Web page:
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Rehabilitation and Physiotherapy after Discectomy

Nerve root pain in the leg, often known as sciatica, occurs in around five per cent of sufferers from low back pain, and is secondary to degenerative changes which occur in the disc, of which the disc between the fourth and fifth lumbar vertebrae is the most often affected. Splits develop in the outer covering of the disc wall, the annulus fibrosus, and at some point, perhaps due to a sudden stress, the wall breaches and part of the internal nucleus pulposus bulges out of the crack. This material can be both chemically irritating to and compress the nearby nerve travelling to the leg, setting up an inflammatory process in the nerve which is perceived as leg pain by the patient.

If nerve root pain in the leg does not settle over a period of six to eight weeks a spinal surgeon may consider a magnetic resonance imaging MRI scan to identify the disc prolapse more carefully. A nerve root block, a painkilling injection, may be attempted to try and settle the pain down before surgery is considered. Microdiscectomy may be performed to remove the disc bulge with the least damage and disturbance to the nearby tissues. In some cases open discectomy may be required.

After the operation the physiotherapist will review the operation notes for the surgeon''s instructions and assess the patient. The physio will ask about the pain the patient is presently complaining of and check the muscle power and sensibility of the legs. If the patient''s operation pain is under control the physio and an assistant will roll the patient onto their side, sit them up for a short time and stand them as soon as possible. If they feel well the physiotherapist will take them for a walk around before returning to the bed.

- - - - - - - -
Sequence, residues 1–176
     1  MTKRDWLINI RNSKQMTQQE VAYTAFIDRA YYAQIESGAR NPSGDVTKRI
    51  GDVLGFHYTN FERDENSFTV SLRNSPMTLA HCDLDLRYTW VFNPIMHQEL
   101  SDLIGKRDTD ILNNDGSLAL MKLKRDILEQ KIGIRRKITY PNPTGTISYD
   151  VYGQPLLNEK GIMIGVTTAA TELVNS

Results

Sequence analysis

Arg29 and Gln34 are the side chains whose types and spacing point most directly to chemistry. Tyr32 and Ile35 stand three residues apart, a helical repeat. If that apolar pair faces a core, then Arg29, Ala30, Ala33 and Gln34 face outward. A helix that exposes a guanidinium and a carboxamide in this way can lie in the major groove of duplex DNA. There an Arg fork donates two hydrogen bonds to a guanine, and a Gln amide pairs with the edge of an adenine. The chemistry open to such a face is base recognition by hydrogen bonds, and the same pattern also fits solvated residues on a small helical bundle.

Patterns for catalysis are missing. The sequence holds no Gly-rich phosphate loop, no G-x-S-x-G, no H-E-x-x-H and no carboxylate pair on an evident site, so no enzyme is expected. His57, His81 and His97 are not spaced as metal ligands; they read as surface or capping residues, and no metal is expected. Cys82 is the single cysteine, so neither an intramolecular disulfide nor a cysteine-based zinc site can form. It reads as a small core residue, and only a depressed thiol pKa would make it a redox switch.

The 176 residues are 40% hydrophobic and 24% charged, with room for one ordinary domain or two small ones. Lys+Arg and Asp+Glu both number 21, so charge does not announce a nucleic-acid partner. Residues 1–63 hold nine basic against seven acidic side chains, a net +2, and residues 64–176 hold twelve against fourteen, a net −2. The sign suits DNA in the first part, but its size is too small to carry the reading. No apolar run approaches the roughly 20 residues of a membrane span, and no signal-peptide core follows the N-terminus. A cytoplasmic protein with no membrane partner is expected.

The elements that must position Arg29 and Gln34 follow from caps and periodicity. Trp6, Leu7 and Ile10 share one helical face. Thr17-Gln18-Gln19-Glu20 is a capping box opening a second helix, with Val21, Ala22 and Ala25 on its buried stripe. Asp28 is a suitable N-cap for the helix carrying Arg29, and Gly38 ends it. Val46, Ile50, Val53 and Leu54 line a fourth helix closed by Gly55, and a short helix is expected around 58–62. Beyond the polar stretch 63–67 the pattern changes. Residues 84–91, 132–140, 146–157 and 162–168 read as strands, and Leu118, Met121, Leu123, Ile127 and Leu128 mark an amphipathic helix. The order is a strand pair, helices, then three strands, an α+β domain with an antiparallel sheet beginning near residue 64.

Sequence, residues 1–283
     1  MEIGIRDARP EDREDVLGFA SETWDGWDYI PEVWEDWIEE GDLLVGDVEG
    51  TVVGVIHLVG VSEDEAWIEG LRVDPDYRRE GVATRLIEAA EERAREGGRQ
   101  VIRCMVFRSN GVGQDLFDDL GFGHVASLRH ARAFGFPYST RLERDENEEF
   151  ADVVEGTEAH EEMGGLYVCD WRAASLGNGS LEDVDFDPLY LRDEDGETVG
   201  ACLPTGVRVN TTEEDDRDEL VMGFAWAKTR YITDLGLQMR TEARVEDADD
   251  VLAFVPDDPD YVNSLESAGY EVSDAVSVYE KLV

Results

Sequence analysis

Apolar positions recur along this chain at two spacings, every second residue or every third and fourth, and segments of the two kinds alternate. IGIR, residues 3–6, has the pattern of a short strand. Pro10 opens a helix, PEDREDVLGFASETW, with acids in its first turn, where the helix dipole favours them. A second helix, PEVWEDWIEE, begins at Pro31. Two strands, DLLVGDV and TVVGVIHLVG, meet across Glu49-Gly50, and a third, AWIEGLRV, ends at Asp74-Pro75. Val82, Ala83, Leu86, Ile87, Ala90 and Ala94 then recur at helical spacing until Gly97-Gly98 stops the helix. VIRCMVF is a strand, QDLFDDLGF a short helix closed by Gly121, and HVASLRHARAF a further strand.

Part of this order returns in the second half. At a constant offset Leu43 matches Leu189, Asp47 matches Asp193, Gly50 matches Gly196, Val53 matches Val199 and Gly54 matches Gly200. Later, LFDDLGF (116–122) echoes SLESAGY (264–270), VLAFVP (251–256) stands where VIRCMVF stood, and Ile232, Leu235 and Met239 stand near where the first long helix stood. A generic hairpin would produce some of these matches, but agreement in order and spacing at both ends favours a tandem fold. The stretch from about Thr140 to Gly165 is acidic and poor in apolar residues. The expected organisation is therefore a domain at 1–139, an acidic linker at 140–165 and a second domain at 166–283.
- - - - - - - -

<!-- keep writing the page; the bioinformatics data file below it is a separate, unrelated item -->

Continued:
The patient is encouraged to get up regularly as they feel able but to sit for short periods only and in a good upright position. Gradual increases in the times of standing, walking or sitting can be progressed as the patient feels they area able. The physio may instruct the patient in core stability exercises or neural mobilisation movements to reduce the chances of the nerve developing adhesions which might hamper its movement. After six weeks may patients have rehabilitated themselves, with or without physio guidance, sufficiently to return to most of their previous activities although heavy activity may be delayed for a few months longer.

 

Author: Jonathan Blood-Smyth

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